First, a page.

·                  increase our vulnerability in an economic downturn, limit our ability to withstand competitive pressures and reduce our flexibility in responding to changing business and economic conditions;

 

·                  impair our ability to obtain additional financing for working capital, capital expenditures, acquisitions and general corporate or other purposes;

 

·                  require us to dedicate a substantial portion of our cash flow from operations to debt service, thereby reducing the availability of cash flow for other purposes; and

 

·                  limit or prohibit our ability to pay dividends and make other distributions.

 

As of December 31, 2008, $298.5 million was the maximum amount available under our current $1,050 million Bank Facility that matures on June 30, 2012. The amount available for borrowing is determined by our financial covenants, which are impacted by many factors, including but not limited to changes in our operating performance, acquisitions, dispositions and debt retirement.  Assuming the use of the borrowed proceeds has no effect on operating cash flow (as determined under our Bank Facility), as of December 31, 2008, $122.8 million of $298.5 million is available for borrowing.  Any additional borrowings, which are subject to compliance at the time of each loan, would further increase the amount of our indebtedness and the associated risks.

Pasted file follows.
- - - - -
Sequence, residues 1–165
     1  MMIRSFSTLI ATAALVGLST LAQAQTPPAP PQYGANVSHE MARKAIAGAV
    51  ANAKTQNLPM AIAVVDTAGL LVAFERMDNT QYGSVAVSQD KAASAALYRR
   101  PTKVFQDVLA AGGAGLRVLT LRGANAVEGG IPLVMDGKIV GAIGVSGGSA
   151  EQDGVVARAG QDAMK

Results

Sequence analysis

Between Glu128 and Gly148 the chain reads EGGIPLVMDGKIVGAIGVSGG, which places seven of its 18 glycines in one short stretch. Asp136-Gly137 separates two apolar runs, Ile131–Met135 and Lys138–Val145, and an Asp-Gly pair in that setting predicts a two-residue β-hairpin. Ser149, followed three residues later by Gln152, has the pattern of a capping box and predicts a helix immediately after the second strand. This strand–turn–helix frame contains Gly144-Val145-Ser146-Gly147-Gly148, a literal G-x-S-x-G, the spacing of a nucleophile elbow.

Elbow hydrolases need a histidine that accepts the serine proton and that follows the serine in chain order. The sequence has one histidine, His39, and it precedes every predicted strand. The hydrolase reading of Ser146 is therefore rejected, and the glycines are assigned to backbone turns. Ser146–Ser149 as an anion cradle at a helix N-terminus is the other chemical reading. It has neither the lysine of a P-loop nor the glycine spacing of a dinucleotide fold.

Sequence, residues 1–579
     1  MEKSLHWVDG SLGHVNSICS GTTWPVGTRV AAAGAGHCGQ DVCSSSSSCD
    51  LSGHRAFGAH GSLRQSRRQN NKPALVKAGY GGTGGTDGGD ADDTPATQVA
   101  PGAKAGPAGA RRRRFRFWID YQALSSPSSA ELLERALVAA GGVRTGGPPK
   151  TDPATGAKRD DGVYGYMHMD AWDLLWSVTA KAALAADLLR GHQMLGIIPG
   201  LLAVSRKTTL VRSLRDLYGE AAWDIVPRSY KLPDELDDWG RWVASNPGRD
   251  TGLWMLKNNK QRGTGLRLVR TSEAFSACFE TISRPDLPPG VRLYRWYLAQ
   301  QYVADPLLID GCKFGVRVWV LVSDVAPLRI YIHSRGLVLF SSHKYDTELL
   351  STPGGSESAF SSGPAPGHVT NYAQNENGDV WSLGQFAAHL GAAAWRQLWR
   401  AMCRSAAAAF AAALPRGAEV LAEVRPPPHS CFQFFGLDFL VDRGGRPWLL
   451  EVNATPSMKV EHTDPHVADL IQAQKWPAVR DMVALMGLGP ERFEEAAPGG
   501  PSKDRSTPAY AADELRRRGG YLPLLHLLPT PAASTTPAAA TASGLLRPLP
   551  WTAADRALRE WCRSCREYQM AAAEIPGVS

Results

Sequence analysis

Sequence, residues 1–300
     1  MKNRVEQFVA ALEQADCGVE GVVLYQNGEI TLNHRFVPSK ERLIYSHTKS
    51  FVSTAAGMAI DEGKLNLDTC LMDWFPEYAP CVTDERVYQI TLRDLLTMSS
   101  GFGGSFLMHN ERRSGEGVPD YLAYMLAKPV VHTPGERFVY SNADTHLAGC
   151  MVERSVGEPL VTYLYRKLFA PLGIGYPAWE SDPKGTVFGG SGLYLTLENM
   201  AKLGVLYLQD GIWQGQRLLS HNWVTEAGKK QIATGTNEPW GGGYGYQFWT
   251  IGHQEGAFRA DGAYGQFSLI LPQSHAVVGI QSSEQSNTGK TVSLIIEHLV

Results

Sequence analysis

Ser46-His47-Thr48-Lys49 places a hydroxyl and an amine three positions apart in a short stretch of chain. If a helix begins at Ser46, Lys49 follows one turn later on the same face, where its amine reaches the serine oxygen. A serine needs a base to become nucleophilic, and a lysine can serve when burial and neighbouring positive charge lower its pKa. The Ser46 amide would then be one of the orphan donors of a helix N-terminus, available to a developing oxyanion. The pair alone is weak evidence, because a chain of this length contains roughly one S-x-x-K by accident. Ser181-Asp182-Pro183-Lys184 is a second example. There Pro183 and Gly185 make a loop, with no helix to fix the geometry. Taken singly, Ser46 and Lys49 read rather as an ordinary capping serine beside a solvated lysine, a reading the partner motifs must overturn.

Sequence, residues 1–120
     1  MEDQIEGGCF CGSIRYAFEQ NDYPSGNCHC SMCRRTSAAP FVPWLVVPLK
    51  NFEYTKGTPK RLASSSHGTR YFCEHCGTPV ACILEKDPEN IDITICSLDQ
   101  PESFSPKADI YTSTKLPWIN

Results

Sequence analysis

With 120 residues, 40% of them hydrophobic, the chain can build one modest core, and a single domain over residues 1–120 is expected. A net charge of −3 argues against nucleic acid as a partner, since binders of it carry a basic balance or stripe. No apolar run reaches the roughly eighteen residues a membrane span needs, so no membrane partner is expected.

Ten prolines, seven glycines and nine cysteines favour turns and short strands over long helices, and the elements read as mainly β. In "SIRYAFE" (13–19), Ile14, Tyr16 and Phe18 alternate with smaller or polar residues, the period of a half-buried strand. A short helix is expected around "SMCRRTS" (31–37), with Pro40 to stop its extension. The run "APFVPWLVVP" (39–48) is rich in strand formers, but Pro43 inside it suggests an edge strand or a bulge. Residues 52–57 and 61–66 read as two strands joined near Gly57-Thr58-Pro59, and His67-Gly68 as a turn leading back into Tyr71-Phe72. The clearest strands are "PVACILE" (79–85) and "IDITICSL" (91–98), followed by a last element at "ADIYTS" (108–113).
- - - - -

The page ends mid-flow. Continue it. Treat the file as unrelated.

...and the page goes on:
We Have Incurred Losses Over The Past Two Years And We May Incur Future Losses.

 

We have reported net losses in our consolidated statement of operations over the past two years as a result of recording non-cash write-downs of our broadcasting licenses and goodwill. In 2008, we recorded impairments to our broadcasting licenses and goodwill of $835.7 million (excluding impairments recorded during the first quarter of 2008 to assets held for sale). As of December 31, 2008, our broadcasting licenses and goodwill comprise 81.6% of our total assets. If events occur or circumstances change that would reduce the fair value of the broadcasting licenses and goodwill below the amount reflected on the balance sheet, we may be required to recognize impairment charges, which may be material, in future periods.